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Vegetable gardening and the 1st precept - Dhamma Wheel

Vegetable gardening and the 1st precept

Buddhist ethical conduct including the Five Precepts (Pañcasikkhāpada), and Eightfold Ethical Conduct (Aṭṭhasīla).
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marc108
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Vegetable gardening and the 1st precept

Postby marc108 » Tue Jun 05, 2012 6:50 pm

Ive been giving vegetable gardening a serious crack this year and have realize just how difficult pest control is while adhering to the first precept. Large pests like slugs, snails and worms can easily be picked off but microscopic bugs & eggs that can easily decimate an entire garden seems to be impossible to control without killing? Id be interested to hear from any gardeners that maintain the 1st precept and how they have dealt with pests?
"It's easy for us to connect with what's wrong with us... and not so easy to feel into, or to allow us, to connect with what's right and what's good in us."

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SDC
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Re: Vegetable gardening and the 1st precept

Postby SDC » Tue Jun 05, 2012 7:03 pm

Marc, this is my first year as well. I haven't run into many issues as of yet, but it is definitely on my mind. I have a good deal of ant hills between my rows that I make sure not to step on or disturb while I’m weeding and loosening the soil. They don’t seem to be doing any damage.

I have already decided that I won't be doing anything to intentionally kill any pests, so hopefully whatever issues I do have can be handled otherwise.

I would also interested in any non-violent solutions.

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daverupa
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Re: Vegetable gardening and the 1st precept

Postby daverupa » Tue Jun 05, 2012 7:31 pm

The Dhamma Encyclopedia entry on is interesting for any number of reasons, but here now: just about every instance of "wealthy householder" in the Suttas means some sort of farmer (/merchant), and yet the killing of pests never seems to garner any discussion or advice despite farmers being par for the course c.400 BCE India.

Was pest control nonexistent - aside from chasing crows? Or is this an ethical mountain being made of a moral molehill?

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Cittasanto
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Re: Vegetable gardening and the 1st precept

Postby Cittasanto » Tue Jun 05, 2012 7:40 pm



He who knows only his own side of the case knows little of that. His reasons may be good, and no one may have been able to refute them.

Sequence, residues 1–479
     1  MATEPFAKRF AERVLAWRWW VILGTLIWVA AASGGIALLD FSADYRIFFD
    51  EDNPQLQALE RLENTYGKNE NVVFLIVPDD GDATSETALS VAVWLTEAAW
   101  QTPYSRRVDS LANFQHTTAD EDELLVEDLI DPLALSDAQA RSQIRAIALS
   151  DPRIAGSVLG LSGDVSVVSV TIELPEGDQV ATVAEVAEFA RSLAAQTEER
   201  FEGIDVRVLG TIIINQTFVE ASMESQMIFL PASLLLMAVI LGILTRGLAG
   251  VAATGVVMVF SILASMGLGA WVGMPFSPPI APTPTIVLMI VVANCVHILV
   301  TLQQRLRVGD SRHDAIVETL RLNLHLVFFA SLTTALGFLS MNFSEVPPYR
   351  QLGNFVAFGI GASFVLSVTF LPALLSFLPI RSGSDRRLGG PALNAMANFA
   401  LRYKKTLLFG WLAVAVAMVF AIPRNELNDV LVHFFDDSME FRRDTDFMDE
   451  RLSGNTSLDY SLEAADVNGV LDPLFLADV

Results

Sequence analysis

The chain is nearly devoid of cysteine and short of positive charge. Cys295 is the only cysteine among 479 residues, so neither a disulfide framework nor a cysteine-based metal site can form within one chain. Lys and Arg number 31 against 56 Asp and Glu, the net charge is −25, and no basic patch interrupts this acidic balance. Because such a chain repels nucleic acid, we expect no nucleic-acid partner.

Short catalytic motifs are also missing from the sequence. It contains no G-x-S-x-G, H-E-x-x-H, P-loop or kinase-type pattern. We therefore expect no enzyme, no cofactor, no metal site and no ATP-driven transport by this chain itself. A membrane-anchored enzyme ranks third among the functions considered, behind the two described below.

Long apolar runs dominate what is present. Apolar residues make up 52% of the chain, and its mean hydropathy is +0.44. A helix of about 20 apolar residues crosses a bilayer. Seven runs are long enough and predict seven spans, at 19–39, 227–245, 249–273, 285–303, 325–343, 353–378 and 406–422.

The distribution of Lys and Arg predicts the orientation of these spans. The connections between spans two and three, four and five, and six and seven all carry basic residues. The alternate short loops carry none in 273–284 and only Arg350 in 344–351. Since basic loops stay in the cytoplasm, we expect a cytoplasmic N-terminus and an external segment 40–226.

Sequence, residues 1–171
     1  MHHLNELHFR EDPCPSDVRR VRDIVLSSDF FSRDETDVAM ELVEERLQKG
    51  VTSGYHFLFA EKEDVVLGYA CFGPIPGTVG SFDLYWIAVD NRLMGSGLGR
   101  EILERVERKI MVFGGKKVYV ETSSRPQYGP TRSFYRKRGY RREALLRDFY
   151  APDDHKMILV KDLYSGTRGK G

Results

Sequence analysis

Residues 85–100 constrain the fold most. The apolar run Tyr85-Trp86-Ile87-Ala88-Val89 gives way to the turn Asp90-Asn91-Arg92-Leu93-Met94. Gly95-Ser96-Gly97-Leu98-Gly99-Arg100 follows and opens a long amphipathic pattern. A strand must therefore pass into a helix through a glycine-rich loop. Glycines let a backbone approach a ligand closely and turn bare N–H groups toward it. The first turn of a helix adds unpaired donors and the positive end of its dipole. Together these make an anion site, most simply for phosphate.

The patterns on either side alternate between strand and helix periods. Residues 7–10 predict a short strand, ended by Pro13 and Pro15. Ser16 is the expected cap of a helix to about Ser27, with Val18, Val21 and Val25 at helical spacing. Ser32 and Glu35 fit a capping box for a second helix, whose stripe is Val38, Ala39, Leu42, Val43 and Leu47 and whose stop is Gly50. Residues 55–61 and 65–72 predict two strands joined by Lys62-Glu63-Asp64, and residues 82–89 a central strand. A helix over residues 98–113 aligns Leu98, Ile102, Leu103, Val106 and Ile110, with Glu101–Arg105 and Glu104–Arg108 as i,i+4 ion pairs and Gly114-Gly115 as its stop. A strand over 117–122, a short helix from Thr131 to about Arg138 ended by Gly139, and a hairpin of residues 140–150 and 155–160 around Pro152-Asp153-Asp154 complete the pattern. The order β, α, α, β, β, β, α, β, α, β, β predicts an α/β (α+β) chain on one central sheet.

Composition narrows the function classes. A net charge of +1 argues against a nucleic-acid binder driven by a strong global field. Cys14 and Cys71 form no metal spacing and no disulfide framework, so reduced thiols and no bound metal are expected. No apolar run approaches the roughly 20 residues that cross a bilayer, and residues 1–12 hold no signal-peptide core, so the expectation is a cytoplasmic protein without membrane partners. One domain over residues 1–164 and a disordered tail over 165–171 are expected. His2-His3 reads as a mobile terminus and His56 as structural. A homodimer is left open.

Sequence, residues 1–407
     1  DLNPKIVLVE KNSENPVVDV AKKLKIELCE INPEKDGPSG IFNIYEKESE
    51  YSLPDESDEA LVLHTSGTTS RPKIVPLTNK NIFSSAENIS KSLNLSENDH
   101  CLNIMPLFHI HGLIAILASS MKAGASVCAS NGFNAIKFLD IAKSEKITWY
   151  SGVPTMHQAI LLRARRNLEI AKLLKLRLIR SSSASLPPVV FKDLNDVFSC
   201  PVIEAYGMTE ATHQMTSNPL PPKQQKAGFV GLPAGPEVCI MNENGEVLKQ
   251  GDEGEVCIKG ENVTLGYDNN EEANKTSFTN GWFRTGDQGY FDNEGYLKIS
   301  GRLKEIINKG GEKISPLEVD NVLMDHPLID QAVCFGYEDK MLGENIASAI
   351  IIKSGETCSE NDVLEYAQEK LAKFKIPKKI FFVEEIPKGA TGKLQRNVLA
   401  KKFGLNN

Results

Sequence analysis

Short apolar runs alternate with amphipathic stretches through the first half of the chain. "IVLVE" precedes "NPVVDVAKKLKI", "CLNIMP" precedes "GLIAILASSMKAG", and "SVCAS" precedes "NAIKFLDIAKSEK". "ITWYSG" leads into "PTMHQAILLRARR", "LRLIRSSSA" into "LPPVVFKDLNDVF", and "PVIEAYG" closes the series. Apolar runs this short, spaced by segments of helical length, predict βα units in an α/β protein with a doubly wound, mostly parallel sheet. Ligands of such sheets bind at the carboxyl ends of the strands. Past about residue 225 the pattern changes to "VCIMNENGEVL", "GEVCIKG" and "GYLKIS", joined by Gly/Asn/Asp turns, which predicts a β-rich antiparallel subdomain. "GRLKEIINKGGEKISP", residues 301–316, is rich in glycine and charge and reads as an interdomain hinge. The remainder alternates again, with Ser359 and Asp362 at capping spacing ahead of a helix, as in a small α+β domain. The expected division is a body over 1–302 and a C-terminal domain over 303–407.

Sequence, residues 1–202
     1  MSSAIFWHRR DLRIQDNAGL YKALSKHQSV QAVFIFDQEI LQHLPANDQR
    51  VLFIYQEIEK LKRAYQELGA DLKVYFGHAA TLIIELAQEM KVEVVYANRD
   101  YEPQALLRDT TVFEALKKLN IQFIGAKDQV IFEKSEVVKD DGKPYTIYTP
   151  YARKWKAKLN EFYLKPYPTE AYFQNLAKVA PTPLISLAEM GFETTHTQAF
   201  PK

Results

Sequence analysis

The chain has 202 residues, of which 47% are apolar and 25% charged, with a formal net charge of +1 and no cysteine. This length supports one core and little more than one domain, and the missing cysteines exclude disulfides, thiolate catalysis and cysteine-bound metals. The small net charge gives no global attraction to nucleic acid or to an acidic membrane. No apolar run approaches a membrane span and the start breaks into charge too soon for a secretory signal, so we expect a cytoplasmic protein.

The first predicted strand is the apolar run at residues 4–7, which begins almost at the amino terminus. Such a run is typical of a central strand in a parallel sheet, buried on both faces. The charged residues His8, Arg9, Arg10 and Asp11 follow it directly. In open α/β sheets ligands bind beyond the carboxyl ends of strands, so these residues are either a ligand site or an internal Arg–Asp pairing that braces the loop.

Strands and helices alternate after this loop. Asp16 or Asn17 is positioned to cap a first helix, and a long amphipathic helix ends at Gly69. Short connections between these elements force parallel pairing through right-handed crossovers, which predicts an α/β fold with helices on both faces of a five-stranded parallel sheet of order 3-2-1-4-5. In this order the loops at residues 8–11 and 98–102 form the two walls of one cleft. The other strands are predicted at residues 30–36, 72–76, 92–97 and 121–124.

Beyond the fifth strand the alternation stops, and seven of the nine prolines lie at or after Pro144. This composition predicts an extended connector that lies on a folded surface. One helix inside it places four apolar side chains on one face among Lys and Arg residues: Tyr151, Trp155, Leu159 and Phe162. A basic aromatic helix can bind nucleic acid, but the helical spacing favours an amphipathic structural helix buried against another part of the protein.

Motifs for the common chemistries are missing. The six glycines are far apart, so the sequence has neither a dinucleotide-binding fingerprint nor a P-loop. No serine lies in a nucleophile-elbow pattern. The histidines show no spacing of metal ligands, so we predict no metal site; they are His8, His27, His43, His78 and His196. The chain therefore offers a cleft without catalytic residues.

But if he is equally unable to refute the reasons on the opposite side, if he does not so much as know what they are, he has no ground for preferring either opinion …
...
He must be able to hear them from persons who actually believe them … he must know them in their most plausible and persuasive form.

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marc108
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Re: Vegetable gardening and the 1st precept

Postby marc108 » Tue Jun 05, 2012 7:46 pm

Citta,

I havent brought any in on purpose, but 2 small toads came into the garden & got too big to leave... they wiped out the entire population of slugs and snails. before the toads, my gf and i would collect snails and slugs every single night and then drop them on the other side of my condo complex. :woohoo:
"It's easy for us to connect with what's wrong with us... and not so easy to feel into, or to allow us, to connect with what's right and what's good in us."

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Ben
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Re: Vegetable gardening and the 1st precept

Postby Ben » Tue Jun 05, 2012 7:50 pm

Hi marc and SDC

Earth-worms are your allies. They break down rotting vegetation and excrete castings which is rich in nutrients for growing plants.
I don't worry about pests. Some types of vegetables are eaten by pests and others aren't. But then, I don't completely keep my vegetable garden weed free either.
You may wish to investigate permaculture groups in your area as they will be the best source of advice for naturally controlling pests in your geographic and climatic region. Some pests, such as snails can be controlled using a barrier method such as spent coffee grounds. I also cut soft-drink bottles in half and place the wide end over delicate seedlings to also protect against snails and other pests. Pest-birds can be controlled by draping bird-net over trees and vegetables. Companion planting can also be used to reduce the prevalence of some insect pests. I also have to contend with possums, rabbits, sheep and the neighbour's turkeys, so my vegetable garden is surrounded by a chicken-wire fence with an electrified wire. The electrified wire doesn't kill - just discourages entry by way of a shock.